With so many children in need, federal contractors shouldn’t be allowed to discriminate against LGBTQ couples, said Cathryn Oakley, state legislative director and senior counsel at the Human Rights Campaign, an LGBTQ civil rights organization. The group recommends that LGBTQ parents take extra protections, such as adopting the child their partner gave birth to during the relationship, which Oakley called “a deeply discouraging thing” for many same-sex couples.
“That is a really disheartening thing for folks to have to do. Why shouldn't your relationship with your child be treated the same way as the relationship that other parents have with their child,” she said. “It is humiliating and degrading because that is not something that a different-sex couple would be encouraged to do or experience. There would be no confusion or assumptions.”
LGBTQ parents forced to adopt their biological children
Colorado House Majority Leader Daneya Esgar and her wife, Heather Palm, are one of the same-sex couples at the forefront of the fight for equal parental rights. The couple had a daughter through in vitro fertilization, with the genetic material coming from Palm, and Esgar carrying the baby. Then Palm found out that because she hadn’t given birth to the child, she would have to adopt her daughter through a stepparent adoption process, Esgar said.
“It was completely insane to us,” Esgar said. “I can’t believe this is still something that exists that no one talks about. You would never assume things are still so unequal."
Esgar worked with lawmakers in Colorado this spring to pass Marlo’s Law, named after her daughter, which ensures same-sex couples have a more streamlined process to guarantee their parental rights.
Esgar said she is concerned about the recent wave of anti-LGBTQ curricula adopted in conservative states and worries more gay rights could soon disappear. She wants more allies talking to their school boards, writing letters to elected officials, in the streets protesting anti-LGBTQ measures. At the same time, she said she is buoyed by the many Pride flags she sees in different communities.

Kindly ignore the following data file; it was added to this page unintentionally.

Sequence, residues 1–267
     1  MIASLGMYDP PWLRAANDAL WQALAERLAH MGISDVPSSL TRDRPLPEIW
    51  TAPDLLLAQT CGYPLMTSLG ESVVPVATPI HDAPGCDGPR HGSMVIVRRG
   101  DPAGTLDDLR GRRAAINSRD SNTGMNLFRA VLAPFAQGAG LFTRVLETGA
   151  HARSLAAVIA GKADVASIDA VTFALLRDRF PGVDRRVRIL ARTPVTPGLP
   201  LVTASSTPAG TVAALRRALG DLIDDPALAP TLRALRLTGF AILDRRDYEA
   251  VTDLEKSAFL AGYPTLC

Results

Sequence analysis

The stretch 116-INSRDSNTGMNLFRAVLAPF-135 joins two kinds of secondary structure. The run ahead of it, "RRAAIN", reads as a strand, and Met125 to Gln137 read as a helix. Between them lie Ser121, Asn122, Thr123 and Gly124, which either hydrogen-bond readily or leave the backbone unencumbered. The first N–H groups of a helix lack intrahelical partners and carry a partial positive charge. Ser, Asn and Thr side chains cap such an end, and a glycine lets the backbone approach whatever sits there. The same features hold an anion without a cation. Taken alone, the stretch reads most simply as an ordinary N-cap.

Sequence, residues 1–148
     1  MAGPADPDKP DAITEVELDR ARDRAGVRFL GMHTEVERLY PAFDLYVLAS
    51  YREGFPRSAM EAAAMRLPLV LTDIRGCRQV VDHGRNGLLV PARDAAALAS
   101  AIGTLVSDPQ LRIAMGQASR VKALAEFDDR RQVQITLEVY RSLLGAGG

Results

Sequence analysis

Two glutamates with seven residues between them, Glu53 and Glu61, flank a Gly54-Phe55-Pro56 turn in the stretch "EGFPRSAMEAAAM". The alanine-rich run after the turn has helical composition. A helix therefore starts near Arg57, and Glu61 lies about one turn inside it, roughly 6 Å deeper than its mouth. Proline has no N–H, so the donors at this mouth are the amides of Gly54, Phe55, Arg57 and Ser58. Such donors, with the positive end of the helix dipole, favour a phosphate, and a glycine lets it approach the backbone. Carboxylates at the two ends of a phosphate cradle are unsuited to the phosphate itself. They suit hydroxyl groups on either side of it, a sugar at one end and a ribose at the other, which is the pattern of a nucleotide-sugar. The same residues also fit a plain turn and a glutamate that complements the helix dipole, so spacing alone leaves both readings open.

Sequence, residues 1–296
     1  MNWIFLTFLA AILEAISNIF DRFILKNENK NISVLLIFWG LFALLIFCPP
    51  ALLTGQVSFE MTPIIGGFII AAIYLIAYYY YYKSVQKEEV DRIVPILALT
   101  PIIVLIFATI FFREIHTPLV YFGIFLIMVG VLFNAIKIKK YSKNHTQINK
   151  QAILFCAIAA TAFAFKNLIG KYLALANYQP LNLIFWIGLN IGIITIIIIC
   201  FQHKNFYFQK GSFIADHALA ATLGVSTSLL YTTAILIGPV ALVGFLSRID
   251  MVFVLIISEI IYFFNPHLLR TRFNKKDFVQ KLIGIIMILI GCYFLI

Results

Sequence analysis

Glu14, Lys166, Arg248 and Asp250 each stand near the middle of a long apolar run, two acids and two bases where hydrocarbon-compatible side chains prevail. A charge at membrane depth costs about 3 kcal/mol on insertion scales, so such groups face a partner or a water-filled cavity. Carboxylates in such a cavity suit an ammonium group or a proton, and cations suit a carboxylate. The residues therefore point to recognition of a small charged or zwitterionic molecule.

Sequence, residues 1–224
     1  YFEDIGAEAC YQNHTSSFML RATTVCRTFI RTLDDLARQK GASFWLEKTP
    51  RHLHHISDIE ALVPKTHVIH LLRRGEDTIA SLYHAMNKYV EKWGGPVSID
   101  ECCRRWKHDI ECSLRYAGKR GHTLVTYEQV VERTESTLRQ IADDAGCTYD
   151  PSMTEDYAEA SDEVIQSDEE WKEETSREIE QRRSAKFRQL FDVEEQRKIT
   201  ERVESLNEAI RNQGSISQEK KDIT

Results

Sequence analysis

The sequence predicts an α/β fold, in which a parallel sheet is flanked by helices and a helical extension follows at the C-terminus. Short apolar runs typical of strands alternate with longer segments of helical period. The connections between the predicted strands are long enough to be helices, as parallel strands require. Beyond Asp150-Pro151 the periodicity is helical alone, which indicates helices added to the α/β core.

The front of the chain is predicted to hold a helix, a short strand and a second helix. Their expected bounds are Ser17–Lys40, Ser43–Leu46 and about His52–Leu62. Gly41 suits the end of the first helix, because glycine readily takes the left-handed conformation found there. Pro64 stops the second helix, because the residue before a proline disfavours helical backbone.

Esgar said people who question the integrity of her family are coming from a place of fear. When Marlo turns one year old in July, the family will get together for a small party to celebrate.
“Marlo is one of the most loved children I’ve ever seen,” Esgar said. “People just adore her and how can you not? You walk into a room and the girl lights up.”
LGBTQ parents can lose rights in divorce
In Oklahoma, a case has challenged whether same-sex parents can continue to have claims to a child after a divorce.
Kris Williams and her then-wife had a child using a sperm donor. Both had been active in LGBTQ civil rights movements, protesting a 2018 state law that allowed religious organizations to refuse to help same-sex couples foster or adopt.
When their child was born, Williams cut the umbilical cord in the hospital. The couple named the child after her uncle, said Hanna Roberts, a lawyer with the American Civil Liberties Union of Oklahoma, which is representing Williams in the case.
Then Williams’ wife took steps to end the marriage in 2021. She claimed that because Williams didn’t have biological ties to the child and had not adopted the child, she had no rights. Her wife also claimed in court documents that Williams had physically attacked her. At the same time, the sperm donor was demanding rights to the child. Williams’ name was removed from the birth certificate, Roberts said.
Williams’ case made plain how tenuous LGBTQ parental rights might be, said Roberts. For months, Williams has not been able to see her child. But same-sex couples were meant to enjoy all the benefits of marriage as other couples under the Supreme Court ruling, including not having to adopt the child they had with their spouse, said Roberts.
“It is not a question of whether or not these rights were extended to same-sex couples,” Roberts said. “Is it just a question of whether or not states are going to recognize that these rights have been extended.”
Critics of same-sex parents point to values